The nursery is both rural retreat and botanical drawing board for French gardening duo Eric Ossart and Arnaud Maurieres, landscape designers (and, more recently, architects also) who have created homes and gardens for clients in Morocco, especially around Taroudannt, and internationally.

Moving away from traditional garden designs to invent new versions of paradise  referencing the historic Persian concept, Ossart and Maurieres have travelled widely, studied traditional farming practices in arid environments and experimented over several years in order to develop their own aesthetic.

This approach sets out to blend the responsible use of materials and water with planting schemes that privilege a truly natural feel, using plants or seeds from all over the world. Aged Moroccan olive trees are surrounded by Mexican grasses, aloes rub shoulders with agaves, American cacti share the earth with Madagascan succulents, while prickly pear rambles around all.

Every so often, there is a reminder of a traditional Moroccan garden: a glorious double yellow Rosa Banksia climbing up a palm tree at our hotel, Dar al-Hossoun, for example.

Sometimes, the designs are exceptionally pared down, as in a riadin Taroudannt, where green tiles suggest the element of water and a few well-chosen cacti in huge pots are framed against a courtyard wall.

Other times, Ossart and Maurieres have worked closely with a client to create a garden that blends many different design elements and planting schemes. One garden outside the medina is truly compelling with its geometric pattern of beds filled with RosaIceberg, white Lantana camara and Stipa grasses; superb water channel covered by a pergola; citrus grove; sheltered kiosk, romantically afloat in its own pool; and swimming pool shaded by Indian bead trees (Melia azedarach). Harmonious and inspired, this is a garden to cherish.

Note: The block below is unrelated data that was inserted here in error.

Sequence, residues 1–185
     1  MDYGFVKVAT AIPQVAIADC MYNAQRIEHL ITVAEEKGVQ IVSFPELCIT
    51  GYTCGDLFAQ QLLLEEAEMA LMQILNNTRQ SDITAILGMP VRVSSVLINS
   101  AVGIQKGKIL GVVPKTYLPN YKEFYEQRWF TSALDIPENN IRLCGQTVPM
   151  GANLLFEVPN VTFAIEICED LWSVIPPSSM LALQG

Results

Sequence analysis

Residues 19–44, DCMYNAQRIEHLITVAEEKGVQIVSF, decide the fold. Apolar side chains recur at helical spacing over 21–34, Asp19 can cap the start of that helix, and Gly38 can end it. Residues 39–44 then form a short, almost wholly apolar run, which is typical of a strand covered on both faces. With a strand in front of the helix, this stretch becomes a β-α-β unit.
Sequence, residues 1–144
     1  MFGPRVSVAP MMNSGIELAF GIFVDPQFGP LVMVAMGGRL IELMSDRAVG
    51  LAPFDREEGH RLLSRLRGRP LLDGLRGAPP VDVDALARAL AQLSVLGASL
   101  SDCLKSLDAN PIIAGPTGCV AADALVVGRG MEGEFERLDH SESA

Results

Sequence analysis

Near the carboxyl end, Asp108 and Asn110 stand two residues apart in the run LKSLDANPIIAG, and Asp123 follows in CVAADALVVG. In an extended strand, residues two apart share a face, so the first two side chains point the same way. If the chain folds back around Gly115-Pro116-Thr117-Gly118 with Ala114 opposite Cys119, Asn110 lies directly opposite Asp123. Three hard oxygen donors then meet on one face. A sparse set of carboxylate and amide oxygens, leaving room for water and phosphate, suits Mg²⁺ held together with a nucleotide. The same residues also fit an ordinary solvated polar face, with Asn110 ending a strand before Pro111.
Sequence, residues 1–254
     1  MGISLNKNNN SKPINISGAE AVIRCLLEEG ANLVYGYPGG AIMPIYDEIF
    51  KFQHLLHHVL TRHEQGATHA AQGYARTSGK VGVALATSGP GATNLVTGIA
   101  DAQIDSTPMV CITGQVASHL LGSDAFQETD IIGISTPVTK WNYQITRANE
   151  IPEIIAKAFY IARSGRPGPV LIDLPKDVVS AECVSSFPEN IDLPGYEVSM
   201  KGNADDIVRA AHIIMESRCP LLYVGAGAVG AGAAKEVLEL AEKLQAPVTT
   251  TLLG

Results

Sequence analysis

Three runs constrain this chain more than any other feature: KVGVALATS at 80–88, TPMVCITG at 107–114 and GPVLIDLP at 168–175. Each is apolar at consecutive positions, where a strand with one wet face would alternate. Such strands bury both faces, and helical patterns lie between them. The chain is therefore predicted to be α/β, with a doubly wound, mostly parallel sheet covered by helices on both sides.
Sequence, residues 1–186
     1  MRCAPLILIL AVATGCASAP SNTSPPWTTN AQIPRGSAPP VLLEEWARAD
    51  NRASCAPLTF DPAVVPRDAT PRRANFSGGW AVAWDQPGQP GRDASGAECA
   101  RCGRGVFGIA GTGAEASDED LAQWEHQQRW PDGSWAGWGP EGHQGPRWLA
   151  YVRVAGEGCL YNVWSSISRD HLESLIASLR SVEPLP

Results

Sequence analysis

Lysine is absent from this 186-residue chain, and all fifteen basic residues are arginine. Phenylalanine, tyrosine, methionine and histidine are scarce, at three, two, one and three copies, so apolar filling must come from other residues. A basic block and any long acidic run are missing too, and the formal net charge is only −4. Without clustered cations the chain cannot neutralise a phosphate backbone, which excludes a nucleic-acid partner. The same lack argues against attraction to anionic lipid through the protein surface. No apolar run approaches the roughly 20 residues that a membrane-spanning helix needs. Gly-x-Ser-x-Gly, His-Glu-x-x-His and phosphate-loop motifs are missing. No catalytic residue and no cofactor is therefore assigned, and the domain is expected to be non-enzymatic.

The outer walls of these extensive gardens, and of the houses themselves, are usually made from beaten clay extracted on-site, and Ossart and Maurieres have on occasion turned the resulting “quarry” into another exceptional feature: a sunken garden with its own tropical micro-climate.

An attractive example at our hotel, Dar al-Hossoun, is filled with dense vegetation growing luxuriantly beneath palm, banana and papaya trees. Morning glory (Ipomoea acuminata) twines around the railings above and a wonderful collection of succulents lines the steps to access the garden. Early in the morning and at sunset this is a magical place to wander around.

The hotels chosen, Les Deux Tours in the oasis of La Palmeraie just outside Marrakech and Dar al-Hossoun near Taroudannt, are exceptional, with fine – though contrasting – gardens. The former has an exemplary kitchen garden and the latter features drought-tolerant plants from across the world. Strutting around both estates the resident peacocks are kings of all they survey!

Posted by: A wanderer in North Africa